Proposal-based MDFs are based on proposals submitted by the channel partner to conduct a qualifying activity subject to approval by their account rep for qualifying activities. Each request is approved for a specific amount and once the qualifying activity Is completed, a claim for reimbursement is submitted with the required proof of performance. Many vendors operate a combination of both accrual and proposal-based MDF.
The common practice for either type includes a matching funds component for some or all activities. For example, most activities may be subject to 50%/50% funding between vendor and channel partner. However, some activity types may be promoted by change the matching fund percentage, e.g.,100% vendor funded. And many, if not most, vendor programs require additional reporting to include measurable results, calculated MROI, lists of attendees, lead and deal data, etc.
MDF payments are claims-based, often requiring proof of expenditure in order to reimburse the channel partner. Reimbursements, by definition, mean that the partner is out of pocket until they receive the MDF payment. Cash flow is extremely important to most partners. So, speed of payment – from approved claim to partner’s account is very important. By using digital wallets, payments can be made immediately. That’s the first step. Unsurprisingly, there are different approaches to keep the partner whole as possible:
- One way is to use the payment platform capabilities for wallet-to-wallet exchanges. The partner can, at their discretion, use their digital wallet to pay their suppliers directly so they are not out of pocket or elect to transfer the funds to their bank account while paying suppliers using their accounts payable routines. Wallet-to-wallet exchanges are unrestricted giving the partner complete autonomy in selecting their suppliers.
- Another way would be to use connected accounts to allow the vendor to directly transfer funds to the supplier on behalf of the partner. While this approach requires more effort by the vendor, the trade-off ensures that they can promote the use of preferred suppliers and makes it a bit simpler for the partner.
These are but a few examples. Channel technology service providers, to be sure, have many more variations on these processes.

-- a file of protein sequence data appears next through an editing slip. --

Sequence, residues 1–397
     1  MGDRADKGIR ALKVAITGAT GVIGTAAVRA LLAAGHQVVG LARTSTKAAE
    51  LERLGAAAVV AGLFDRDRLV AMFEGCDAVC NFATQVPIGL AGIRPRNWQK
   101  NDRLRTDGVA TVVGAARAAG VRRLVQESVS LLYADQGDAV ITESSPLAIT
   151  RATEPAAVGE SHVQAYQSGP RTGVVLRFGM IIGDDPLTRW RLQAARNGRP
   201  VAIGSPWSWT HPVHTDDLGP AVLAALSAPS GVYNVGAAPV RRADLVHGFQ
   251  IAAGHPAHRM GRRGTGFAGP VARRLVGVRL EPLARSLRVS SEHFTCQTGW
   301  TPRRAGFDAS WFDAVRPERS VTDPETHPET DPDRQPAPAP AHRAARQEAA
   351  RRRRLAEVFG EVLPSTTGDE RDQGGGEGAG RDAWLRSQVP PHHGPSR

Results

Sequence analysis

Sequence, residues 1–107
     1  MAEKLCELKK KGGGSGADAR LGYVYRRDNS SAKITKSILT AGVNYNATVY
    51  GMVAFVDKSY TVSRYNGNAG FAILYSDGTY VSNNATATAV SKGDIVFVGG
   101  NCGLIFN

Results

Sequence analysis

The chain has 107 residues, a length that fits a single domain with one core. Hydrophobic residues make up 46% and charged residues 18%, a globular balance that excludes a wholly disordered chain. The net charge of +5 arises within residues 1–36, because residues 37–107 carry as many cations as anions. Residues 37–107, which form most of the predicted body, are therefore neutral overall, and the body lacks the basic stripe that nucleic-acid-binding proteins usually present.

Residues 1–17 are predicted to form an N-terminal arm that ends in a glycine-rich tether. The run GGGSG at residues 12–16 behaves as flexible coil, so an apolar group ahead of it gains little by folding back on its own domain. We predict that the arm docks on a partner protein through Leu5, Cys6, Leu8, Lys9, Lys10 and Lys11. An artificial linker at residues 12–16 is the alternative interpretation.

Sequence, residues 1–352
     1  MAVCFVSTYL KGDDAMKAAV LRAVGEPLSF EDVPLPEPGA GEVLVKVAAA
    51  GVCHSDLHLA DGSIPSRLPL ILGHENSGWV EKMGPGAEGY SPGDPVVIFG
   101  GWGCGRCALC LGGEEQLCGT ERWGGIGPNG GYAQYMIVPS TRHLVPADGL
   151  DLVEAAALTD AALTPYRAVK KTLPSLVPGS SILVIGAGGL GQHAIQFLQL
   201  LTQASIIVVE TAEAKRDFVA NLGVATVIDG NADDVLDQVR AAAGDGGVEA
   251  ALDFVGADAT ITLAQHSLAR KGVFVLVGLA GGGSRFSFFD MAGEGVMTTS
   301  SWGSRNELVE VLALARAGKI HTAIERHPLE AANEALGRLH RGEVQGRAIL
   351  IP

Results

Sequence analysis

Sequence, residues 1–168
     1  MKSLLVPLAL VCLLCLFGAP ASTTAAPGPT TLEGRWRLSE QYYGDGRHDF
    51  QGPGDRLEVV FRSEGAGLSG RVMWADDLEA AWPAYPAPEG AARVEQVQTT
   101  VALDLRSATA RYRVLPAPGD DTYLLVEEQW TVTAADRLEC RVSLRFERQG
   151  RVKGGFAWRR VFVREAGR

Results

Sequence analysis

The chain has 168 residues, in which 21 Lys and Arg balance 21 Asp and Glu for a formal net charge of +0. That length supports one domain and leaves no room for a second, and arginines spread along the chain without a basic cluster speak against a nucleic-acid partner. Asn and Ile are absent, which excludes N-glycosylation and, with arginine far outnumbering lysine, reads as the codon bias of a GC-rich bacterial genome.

Channel Partner Rebates have been a common practice in technology channels for many years and their use has expanded to other industries as well albeit in differing forms. Arising from the stated need to protect partner profitability, rebates were offered in lieu of deeper discounts which were nearly always passed along to the end-customer in a highly competitive market.
Rebate frequency and values vary widely, however, the most common implementations are based on quarterly sales activity and often tiered based on volume and/or a channel partner’s medallion level (Gold, Silver, Bronze, etc.) in a vendor’s partner program. This enables the vendor greater leverage in assuring partner engagement by placing non-revenue criteria such as training and certification, deal registration, etc.
While these criteria are critical to the vendor’s channel program objectives, partners’ biggest complaints about rebates is often how long they have to wait for payments. Channel technology service providers can help vendors streamline processes and automate rebate calculations. The final step, making the distributions, can be embedded with multi-currency digital wallet capabilities to simplify global payments both for their client vendors and their partners globally.
Cross-border Payments and Global Payments Flexibility
Service providers can configure rebate programs so that their client vendors can create and fund digital wallets in as many currencies they need – USD, Euro, British Pound, Yen, Yuan, etc. In the past, creating currency-specific accounts has been limited to the vendor’s legal structure and where they do business.
While this continues to be a key program design/configuration consideration, the ability to create multi-currency digital wallets gives the program designer choices in how to accommodate cross-border payments:
- Handle currency exchange at the partner level by creating two wallets — one in the vendor’s payment currency, e.g. USD, and one in the partner’s local currency, e.g. euros. The vendor then pays the rebate in USD into the partner’s USD wallet and the partner converts it to Euros via wallet-to-wallet exchange.
- Handle currency exchange at the vendor level by creating as many currency-specific wallets as needed to pay their partners in their local currency. The vendor then funds the rebates using the vendor’s payment currency, then the vendor converts to the partner’s local currency via a wallet-to-wallet exchange, prior to sending to the partner.
One would think that most vendors will elect to continue the practice to make rebate payments in their currency and leave the currency exchange to the partner but as partner experience heats up as a competitive differentiator, stay tuned!
No matter the use case: global, instant and mobile payments are the new norm. Encompassing digital payments in a platform that surrounds them with the security, privacy, tax and regulatory compliance needed to conduct global channel business enables channel technology service providers to focus their service and technology innovations in a rapidly changing marketplace.